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CBD101

CBD101: 10 CBD questions answered

CBD101: 10 CBD questions answered

CBD has many uses and benefits but it can be confusing to know where to start.

We answer your most commonly asked questions with our ultimate guide.

1. What is it?

CBD is one of over 100 chemical compounds found in the cannabis plant. It is used for a number of different reasons including the treatment of anxiety and pain in formulations including tinctures, cosmetics and vapes.

In the UK, commercially-available products should contain les than 0.2% THC. Theese products do not produce that ‘high’ feeling associated with recreational cannabis. 

2. What is the difference between CBD and THC?

CBD stands for cannabidiol and THC is tetrahydrocannabinol. Both could offer therapeutic benefits for a number of different conditions. In the UK, CBD is available over the counter legally but THC is not.

CBD could potentially help with:

THC is often associated with the treatment of:

Learn more about medical cannabis in our Med Cann section

A white hand extended across the left of the photo holding a dropper while a line of miniature brown bottles of oil are in the background.

3. Is hemp legal?

To be legal in the UK and Europe, hemp strains must contain no more than 0.2% THC. However, in October it was announced that the legal European level would be raised to 0.3%.

In the US, the federal THC limit is also 0.3% per weight of product. However, as cannabis is legal in some states, what is considered a legal CBD product in one state could be illegal in another.

4. What is the difference between an oil and a tincture?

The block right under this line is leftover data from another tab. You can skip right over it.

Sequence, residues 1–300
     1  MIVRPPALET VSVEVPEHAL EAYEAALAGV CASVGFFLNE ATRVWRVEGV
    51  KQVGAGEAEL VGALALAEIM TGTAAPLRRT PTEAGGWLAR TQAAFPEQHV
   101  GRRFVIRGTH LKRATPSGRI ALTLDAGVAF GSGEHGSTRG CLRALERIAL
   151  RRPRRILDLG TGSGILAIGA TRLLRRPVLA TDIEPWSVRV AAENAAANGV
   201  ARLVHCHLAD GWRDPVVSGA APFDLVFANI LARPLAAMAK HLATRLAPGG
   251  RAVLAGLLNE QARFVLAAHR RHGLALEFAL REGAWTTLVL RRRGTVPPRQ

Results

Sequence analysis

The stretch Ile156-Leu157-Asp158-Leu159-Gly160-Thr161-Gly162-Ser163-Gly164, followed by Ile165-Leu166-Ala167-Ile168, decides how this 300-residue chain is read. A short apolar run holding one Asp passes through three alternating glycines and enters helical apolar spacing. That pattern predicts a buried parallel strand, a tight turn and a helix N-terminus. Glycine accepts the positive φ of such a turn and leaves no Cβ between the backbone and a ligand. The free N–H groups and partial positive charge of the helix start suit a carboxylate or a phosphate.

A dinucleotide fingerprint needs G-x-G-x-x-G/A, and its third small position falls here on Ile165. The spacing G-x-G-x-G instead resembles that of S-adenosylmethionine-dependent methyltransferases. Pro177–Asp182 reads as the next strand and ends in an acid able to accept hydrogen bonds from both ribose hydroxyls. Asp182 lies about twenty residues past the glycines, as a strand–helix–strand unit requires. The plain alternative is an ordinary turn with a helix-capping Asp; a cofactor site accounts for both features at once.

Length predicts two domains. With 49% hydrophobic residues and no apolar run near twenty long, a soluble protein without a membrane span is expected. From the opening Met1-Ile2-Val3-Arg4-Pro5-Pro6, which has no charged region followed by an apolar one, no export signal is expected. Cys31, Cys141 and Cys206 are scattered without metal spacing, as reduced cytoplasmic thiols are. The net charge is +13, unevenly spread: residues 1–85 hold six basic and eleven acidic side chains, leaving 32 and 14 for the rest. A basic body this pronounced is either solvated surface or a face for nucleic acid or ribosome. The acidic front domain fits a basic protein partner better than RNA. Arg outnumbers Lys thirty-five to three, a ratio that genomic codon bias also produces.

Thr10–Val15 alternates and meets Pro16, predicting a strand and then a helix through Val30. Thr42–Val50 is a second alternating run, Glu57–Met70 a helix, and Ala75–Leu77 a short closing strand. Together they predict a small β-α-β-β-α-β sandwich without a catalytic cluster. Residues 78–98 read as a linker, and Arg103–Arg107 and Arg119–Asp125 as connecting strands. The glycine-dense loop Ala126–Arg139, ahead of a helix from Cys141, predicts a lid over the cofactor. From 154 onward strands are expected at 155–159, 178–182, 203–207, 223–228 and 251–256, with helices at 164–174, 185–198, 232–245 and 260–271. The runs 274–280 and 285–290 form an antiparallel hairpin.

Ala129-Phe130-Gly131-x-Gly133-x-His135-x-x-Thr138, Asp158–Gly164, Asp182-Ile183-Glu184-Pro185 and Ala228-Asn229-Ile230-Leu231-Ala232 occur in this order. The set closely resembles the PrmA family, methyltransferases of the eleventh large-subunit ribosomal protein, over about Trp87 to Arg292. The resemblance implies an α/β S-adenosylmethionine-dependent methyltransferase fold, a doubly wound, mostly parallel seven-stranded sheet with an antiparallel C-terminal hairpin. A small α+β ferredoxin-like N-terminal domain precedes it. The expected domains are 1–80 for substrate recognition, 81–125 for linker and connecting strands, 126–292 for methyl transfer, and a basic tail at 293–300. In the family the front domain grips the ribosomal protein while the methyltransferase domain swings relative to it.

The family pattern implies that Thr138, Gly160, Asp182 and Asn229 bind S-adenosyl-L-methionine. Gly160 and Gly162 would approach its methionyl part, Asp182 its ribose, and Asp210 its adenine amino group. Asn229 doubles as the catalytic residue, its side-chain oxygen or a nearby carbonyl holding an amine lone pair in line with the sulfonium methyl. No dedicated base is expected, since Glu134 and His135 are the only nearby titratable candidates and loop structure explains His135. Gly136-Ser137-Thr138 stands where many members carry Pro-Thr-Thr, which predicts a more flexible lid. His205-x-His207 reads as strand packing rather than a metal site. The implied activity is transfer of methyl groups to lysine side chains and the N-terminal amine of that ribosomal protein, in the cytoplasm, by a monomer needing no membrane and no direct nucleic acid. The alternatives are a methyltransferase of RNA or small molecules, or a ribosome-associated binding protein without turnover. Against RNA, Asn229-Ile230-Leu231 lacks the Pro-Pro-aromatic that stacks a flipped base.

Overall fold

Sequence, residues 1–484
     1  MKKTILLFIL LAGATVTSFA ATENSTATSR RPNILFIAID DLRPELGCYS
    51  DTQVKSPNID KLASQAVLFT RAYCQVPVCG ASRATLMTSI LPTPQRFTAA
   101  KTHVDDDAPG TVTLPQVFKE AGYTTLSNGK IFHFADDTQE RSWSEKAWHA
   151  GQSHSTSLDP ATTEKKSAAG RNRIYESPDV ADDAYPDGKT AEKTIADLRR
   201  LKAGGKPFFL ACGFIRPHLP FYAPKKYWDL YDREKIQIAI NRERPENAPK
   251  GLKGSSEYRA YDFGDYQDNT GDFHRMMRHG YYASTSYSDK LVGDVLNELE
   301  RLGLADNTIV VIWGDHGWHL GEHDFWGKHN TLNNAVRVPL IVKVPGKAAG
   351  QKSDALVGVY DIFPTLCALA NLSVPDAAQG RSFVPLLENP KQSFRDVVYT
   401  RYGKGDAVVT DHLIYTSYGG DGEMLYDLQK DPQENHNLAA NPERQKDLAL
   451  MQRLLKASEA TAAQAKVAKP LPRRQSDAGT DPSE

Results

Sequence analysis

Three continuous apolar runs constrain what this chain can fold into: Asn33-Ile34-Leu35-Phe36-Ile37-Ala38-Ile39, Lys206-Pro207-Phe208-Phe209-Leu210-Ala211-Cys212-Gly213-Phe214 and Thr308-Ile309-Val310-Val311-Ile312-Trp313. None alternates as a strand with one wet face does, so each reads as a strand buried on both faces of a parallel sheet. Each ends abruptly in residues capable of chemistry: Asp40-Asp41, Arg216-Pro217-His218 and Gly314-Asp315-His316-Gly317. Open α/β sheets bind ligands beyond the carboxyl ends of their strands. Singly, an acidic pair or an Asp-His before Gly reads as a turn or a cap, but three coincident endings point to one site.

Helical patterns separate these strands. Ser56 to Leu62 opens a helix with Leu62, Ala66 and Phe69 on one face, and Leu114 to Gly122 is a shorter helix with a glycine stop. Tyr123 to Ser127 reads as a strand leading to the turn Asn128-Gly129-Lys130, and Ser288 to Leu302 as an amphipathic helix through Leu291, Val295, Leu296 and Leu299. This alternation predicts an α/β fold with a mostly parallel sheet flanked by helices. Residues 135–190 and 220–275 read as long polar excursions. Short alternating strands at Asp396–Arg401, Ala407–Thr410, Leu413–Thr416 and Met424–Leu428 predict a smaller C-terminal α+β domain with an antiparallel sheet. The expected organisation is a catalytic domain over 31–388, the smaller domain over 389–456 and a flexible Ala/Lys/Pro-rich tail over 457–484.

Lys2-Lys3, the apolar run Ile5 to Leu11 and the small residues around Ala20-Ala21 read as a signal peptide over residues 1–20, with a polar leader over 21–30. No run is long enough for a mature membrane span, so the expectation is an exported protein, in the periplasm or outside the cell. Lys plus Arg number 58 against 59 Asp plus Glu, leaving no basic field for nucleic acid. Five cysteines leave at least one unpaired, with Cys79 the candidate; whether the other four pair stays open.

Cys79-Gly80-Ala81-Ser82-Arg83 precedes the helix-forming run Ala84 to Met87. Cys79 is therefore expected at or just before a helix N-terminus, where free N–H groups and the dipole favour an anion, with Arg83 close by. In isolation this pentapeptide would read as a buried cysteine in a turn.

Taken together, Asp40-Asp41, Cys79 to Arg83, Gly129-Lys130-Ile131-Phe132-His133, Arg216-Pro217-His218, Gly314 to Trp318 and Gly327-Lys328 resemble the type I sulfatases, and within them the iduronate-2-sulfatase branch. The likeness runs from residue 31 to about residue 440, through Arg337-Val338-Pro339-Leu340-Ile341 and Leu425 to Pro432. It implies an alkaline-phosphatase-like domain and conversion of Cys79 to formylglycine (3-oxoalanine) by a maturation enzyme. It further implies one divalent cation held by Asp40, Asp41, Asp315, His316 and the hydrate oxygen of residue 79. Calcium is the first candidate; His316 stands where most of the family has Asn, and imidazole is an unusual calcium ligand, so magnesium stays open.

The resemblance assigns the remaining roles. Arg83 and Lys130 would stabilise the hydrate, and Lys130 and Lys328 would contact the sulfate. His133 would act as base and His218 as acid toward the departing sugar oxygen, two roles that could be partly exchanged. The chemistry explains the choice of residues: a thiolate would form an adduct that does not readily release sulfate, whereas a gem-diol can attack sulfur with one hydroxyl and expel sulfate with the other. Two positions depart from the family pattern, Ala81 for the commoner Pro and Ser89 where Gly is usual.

CBD oil has an oil base (or carrier) in it. This could be hemp, rapeseed or flaxseed. Tinctures have an alcohol base and can be flavoured. They offer the same therapeutic properties.

It comes down to personal preference when choosing between the two. Some people prefer a flavoured tincture because they don’t like the hemp taste from oils. Tinctures can sometimes be cheaper than oils, too.

Tinctures have a longer shelf life because they contain ethyl alcohol or isopropyl alcohol.

A hand pours a bottle of oil into a bowl of petals

5. Is all CBD the same?

Not all CBD products are the same. You may have heard the terms full-spectrum, broad-spectrum and isolate on websites. Here is what they mean:

  • Full Spectrum: Contains the ‘full spectrum’ of CBD, minor cannabinoids and terpenes. Trace amounts of THC can also be found.
  • Broad Spectrum: Contains a full spectrum of CBD, minor cannabinoids and terpenes. THC traces are removed.
  • Isolate: Pure CBD with all the other cannabis compounds removed until only a powder or crystal form remains.
A row of brown oil bottles in the background while a hand holds a dropper above a bottle in the front

6. Does CBD work the same for everyone?

CBD works differently for each person depending on several different factors. This can include your health, genetics and the method used to absorb it. It can also depend on what you are taking it for.

Cannabinoids work with each person’s endocannabinoid differently meaning it could take a few tries before you find the right product for you. The same can be said with how much to take or how to take it.